1999 Avalanche Disaster
In October of 1999, forty year old mountain climber Alex Lowe and twenty-nine year old expedition cameraman David Bridges died in a Himalayan avalanche. Along with fellow alpinist Conrad Anker, they set out that morning to analyze the south face of Shishapangma, a Tibetan peak. Six other expedition members, farther back from the three scouts in the lead, were spared the sudden, crashing torrent of ice and snow. Seriously wounded and partially buried, Conrad pulled himself out of the avalanche’s aftermath and participated in the desperate, but ultimately futile, two day search for Alex and David.
Back in Montana, Alex’s widow Jenni had only verbal reports, along with her own climber’s instinct and intuition, to confirm her husband’s mortality. No physical proof of a life ended. No lifeless body to authenticate the finality of death. No tangible validation of a life ended and grief begun.
Shock. Explaining to three young children, family, loved ones. Grief. Mourning. All without a body to say goodbye to. Etching, scraping, and climbing through grief and loss to survive. Adjusting to a family that was tragically minus one. Preserving a father’s love and legacy.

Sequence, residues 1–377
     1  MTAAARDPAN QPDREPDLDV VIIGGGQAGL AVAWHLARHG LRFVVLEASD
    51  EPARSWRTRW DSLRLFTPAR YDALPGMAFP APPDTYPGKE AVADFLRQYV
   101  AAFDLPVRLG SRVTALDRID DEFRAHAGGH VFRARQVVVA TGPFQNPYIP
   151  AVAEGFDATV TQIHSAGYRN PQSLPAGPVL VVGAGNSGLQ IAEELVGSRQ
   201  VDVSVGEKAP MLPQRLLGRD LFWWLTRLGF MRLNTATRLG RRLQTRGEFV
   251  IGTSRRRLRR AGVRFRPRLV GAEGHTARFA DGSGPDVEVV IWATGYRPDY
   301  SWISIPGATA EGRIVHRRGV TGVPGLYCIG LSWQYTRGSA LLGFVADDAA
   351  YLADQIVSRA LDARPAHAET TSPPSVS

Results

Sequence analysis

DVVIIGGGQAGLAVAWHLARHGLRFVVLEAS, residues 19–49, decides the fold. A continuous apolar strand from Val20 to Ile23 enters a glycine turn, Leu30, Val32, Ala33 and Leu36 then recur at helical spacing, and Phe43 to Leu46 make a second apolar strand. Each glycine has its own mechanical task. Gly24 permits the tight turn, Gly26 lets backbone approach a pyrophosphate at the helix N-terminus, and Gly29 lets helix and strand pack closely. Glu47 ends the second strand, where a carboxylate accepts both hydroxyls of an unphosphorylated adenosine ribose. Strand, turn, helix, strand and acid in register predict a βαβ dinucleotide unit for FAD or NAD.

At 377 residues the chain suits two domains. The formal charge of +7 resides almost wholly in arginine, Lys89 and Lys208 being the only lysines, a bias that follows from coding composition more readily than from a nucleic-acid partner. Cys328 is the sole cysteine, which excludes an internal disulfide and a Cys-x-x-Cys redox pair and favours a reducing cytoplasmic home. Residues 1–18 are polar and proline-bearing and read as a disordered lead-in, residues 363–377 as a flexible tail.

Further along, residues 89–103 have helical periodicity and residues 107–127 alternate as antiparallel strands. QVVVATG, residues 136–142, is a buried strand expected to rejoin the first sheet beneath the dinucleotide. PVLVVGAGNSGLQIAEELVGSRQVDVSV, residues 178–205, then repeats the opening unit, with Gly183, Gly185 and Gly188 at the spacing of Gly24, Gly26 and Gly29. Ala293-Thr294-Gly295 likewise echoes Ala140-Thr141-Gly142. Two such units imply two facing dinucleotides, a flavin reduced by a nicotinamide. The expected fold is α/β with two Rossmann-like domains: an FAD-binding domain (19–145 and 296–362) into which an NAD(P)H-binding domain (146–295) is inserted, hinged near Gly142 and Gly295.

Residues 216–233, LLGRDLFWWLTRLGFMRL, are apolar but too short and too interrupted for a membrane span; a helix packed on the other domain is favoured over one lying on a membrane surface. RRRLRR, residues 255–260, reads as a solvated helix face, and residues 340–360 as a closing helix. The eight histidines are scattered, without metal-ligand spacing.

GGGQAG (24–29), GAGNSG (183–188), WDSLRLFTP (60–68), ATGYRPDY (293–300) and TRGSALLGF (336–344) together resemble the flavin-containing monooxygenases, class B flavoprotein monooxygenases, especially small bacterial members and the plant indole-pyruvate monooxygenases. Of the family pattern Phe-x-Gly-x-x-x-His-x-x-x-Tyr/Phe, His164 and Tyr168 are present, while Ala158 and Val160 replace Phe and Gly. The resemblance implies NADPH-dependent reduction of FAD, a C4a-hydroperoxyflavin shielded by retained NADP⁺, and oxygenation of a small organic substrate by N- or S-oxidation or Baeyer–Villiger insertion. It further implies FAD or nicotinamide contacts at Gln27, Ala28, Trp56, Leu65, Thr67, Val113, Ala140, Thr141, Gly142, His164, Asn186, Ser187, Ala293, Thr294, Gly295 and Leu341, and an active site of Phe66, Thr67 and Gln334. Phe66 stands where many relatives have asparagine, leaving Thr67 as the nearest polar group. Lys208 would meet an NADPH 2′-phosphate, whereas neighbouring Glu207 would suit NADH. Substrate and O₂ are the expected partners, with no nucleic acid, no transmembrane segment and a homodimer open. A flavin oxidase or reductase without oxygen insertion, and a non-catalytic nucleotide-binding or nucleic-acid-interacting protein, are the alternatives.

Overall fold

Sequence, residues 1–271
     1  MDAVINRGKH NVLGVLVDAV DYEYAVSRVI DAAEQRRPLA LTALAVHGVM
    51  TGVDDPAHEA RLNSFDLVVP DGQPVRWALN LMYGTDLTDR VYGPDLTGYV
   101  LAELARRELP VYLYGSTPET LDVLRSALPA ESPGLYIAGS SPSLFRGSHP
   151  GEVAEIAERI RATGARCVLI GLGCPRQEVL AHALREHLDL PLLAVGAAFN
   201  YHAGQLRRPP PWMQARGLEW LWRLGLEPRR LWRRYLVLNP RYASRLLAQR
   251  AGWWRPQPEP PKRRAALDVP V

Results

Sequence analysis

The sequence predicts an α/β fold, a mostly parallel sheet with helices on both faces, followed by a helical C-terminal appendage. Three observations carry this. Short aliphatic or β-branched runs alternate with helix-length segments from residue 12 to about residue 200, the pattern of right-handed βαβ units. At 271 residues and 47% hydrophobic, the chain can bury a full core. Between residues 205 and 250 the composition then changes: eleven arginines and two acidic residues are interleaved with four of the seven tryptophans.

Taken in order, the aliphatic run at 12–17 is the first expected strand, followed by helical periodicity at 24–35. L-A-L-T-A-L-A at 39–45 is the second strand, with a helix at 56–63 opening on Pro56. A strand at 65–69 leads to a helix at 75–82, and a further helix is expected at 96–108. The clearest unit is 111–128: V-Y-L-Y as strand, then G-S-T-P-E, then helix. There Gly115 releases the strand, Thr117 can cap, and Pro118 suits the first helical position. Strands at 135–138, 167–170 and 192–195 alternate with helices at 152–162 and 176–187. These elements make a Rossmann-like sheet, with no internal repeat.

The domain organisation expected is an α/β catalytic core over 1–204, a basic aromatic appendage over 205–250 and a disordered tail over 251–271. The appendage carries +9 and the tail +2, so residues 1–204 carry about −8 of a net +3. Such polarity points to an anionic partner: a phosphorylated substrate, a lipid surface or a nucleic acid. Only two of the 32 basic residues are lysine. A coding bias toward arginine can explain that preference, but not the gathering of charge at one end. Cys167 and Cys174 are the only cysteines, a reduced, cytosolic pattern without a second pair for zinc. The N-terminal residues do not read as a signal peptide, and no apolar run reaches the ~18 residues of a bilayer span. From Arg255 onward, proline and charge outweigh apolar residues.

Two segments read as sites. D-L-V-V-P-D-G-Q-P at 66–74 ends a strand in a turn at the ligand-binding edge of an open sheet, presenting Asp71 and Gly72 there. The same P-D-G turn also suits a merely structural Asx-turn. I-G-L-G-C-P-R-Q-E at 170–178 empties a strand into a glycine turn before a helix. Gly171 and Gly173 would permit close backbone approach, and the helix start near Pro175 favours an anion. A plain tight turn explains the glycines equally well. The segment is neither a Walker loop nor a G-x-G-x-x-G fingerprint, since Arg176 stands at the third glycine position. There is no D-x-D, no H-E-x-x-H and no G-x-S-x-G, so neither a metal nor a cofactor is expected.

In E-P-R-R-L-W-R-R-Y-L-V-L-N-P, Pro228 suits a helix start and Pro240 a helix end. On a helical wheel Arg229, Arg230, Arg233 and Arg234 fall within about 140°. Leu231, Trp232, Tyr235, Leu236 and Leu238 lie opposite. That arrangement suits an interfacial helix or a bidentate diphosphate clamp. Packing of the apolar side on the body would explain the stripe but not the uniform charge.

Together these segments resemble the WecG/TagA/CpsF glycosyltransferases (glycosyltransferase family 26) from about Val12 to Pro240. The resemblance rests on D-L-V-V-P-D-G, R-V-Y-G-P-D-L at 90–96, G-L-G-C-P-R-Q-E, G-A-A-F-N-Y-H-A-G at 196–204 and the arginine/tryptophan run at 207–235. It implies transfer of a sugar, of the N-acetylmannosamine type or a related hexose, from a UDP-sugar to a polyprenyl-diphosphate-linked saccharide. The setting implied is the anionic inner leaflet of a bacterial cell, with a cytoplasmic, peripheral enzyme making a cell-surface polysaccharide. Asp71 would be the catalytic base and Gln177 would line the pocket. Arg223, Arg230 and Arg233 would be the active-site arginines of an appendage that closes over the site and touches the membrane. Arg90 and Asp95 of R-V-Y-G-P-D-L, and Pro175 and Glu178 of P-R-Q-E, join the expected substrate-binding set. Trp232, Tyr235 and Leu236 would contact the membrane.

Jenni and her boys were later joined by new husband and stepfather Conrad Anker. Bound by the pain of Alex’s loss, they built a new family together over the months, years, and decade-plus that passed.
2016 Mournful Recovery
Sixteen years later, in April of 2016, came the chance for a final goodbye in the flesh, after Alex’s and David’s bodies were found on the mountain.
Bodies preserved, long after lives were lost to a frigid end. Lives claimed by the mountain, now brought to the surface by glacial melt. A potential grief ambush of torrential proportions revealed by the sun’s light. The emotional trauma of facing the proof of a life vanished, the irrefutable evidence of widowhood, and the harsh reality of all that was lost.
Ice melted. Grief revisited. Goodbyes offered. Mourning renewed. Time to review, admire, and remember both Alex’s and David’s lives. An opportunity to mentally journey back and reflect honor on husband, father, friend, and climber.
Widow to Widow
Dear Jenni Lowe-Anker,
May God give you His strength and comfort as you face this mountain. May the melting ice give way to precious memories, love remembered, and a husband honored. May your grief be less about ambush and more about resolution. I pray that this reviewal will refresh your family’s precious memories of Alex. May the light of God’s son bring peace and closure, rest and nostalgia, hope and renewal. I pray that your widow’s heart not be torn, but instead that your love for Alex will be celebrated and commemorated, even as you continue on with the love of the second half of your life.
Prayers for God’s blessings on you and your family.
Kristina Lunde, a fellow pilgrim on the journey through grief